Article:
"Further, any efforts by plaintiff to allege tortious invasion of privacy, or tortious harassment and intimidation by another person, fall outside the Court’s jurisdiction."

"Mr. Kortlander has failed to state any claims upon which relief may be granted. The majority of his claims are barred by the six-year statute of limitations."


Saturday, February 4, 2012

The State Department’s Bureau of Educational and Cultural Affairs last week granted immunity from judicial seizure to artifacts on loan from Mexico.  The pieces will be part of a 2012 exhibition called "Children of the Plumed Serpent: The Legacy of Quetzalcoatl in Ancient Mexico," which will take place at the Los Angeles County Museum of Art in California and at the Dallas Museum of Art in Texas.

Under the federal statute known as Immunity from Seizure Under Judicial Process of Cultural Objects Imported for Temporary Exhibition or Display (22 USC § 2459), foreign lenders are encouraged by Congress to lend cultural objects to museums without risk that those objects will become targets of litigation while on American soil.  The statute protects imported objects determined to be (1) of cultural significance, (2) intended for temporary, nonprofit exhibition, and (3) in the national interest.

Museums importing objects for temporary display must apply for this legal protection.  The notice of immunity is then published in the Federal Register.

Xochicalco temple of the plumed serpent. Photo: Giovani V; CC.


Thursday, February 2, 2012

A Spanish galleon.
The U.S. Eleventh Circuit Court of Appeals has denied Odyssey Marine’s motion to stay a decision ordering the commercial salvor to return coins and objects to Spain.  The so-called treasures of the "Black Swan" (the Nuestra Senora de las Mercedes) were taken from the sunken 19th century Spanish galleon, discovered by Odyssey in 2007 “lying at a depth of approximately 1100 meters, beyond the territorial waters or contiguous zone of any sovereign nation approximately 100 miles west of the Straits of Gibraltar,” according to court records.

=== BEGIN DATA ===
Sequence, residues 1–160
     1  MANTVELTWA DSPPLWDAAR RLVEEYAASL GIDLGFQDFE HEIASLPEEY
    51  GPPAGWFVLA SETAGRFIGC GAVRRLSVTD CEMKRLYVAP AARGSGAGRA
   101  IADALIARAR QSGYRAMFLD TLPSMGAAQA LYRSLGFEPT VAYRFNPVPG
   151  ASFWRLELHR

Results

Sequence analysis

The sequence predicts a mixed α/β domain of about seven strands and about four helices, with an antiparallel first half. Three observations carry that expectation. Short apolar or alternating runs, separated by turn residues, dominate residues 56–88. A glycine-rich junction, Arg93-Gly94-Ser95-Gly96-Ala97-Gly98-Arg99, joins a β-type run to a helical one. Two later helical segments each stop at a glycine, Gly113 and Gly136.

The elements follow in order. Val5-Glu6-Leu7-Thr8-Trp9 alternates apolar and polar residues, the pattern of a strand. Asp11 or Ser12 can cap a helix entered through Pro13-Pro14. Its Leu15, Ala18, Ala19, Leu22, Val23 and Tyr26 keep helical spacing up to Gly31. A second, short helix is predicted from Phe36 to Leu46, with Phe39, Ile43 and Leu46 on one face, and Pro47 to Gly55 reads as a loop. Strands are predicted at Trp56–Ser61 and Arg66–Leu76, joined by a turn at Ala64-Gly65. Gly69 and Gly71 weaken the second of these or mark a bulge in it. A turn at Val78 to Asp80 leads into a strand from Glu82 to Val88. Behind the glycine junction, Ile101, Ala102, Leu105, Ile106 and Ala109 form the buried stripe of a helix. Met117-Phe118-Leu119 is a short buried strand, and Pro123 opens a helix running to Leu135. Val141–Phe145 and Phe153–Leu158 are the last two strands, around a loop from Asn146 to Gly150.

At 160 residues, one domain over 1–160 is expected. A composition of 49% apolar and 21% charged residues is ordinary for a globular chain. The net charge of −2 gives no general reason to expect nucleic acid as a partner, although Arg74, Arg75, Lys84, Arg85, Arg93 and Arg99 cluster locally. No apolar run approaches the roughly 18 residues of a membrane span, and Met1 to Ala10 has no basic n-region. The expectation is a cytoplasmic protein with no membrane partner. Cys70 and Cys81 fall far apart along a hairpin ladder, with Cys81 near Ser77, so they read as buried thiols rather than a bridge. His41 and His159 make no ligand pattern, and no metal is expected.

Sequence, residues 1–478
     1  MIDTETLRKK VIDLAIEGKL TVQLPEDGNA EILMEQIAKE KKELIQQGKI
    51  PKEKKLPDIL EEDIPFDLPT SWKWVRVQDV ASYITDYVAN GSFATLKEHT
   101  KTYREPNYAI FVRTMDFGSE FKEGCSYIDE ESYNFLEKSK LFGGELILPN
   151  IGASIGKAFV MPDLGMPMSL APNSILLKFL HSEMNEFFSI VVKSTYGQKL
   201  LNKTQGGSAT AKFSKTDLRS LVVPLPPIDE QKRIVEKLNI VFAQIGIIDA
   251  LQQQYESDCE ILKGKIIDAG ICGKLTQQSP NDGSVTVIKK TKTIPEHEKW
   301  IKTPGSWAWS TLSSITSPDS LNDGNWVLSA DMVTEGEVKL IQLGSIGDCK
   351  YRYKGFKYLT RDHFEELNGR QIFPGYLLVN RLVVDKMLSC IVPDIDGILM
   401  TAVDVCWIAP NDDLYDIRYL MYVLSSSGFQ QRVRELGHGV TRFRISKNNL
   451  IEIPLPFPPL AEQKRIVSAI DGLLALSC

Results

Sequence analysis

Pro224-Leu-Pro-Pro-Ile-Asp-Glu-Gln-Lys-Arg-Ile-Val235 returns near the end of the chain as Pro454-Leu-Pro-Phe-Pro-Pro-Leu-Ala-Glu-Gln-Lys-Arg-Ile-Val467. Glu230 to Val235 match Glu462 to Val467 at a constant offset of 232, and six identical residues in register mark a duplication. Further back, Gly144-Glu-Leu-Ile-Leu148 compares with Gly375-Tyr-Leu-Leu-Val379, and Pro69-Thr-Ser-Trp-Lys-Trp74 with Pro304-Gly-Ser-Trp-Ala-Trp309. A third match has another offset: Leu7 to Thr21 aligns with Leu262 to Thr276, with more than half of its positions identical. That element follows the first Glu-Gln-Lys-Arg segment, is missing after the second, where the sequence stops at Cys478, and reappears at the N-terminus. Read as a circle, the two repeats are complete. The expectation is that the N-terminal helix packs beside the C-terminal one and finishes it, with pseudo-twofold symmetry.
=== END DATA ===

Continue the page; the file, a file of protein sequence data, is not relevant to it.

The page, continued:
The case has persisted since April 9, 2007.  That is when Odyssey Marine filed a complaint in federal district court in Tampa, Florida under admiralty and maritime law (known as an admiralty in rem action).  The salvor argued that it should either own the shipwrecked vessel under the law of finds (a type of “finders keepers” claim) or it should be entitled to “a liberal salvage award” from the vessel under the law of salvage.  Odyssey lost the case, and the case now captioned as Odyssey Marine Exploration v. Kingdom of Spain et al. continues.

Last September, the federal circuit court of appeals upheld the lower district court’s decision that ordered Odyssey “to release the recovered res [i.e. the shipwreck materials] to the custody of Spain.”  Odyssey hoped to stay this decision as it appealed the case to the U.S. Supreme Court.  The company argued in its December 2, 2011 petition to the circuit court that once it delivered materials to Spain the objects would not be returned to Odyssey if the salvor ultimately won the case in the highest court in the land.  That is because it is "Spain's position that it is not subject to the jurisdiction of the U.S. Courts ....," according to the motion.  Odyssey also cited its belief that there are seven legal errors that remain to be challenged in the case.  The appellate court was unpersuaded, writing by hand the word “denied” on its final order issued Tuesday.

At stake for Odyssey is a haul reportedly worth $500 million.  For Spain, “[t]his sentence gives Spaniards back what was already theirs,” according to culture minister José Ignacio Wert who was quoted in The Daily Mail.

Hat tip to Gary Nurkin for forwarding The Daily Mail story.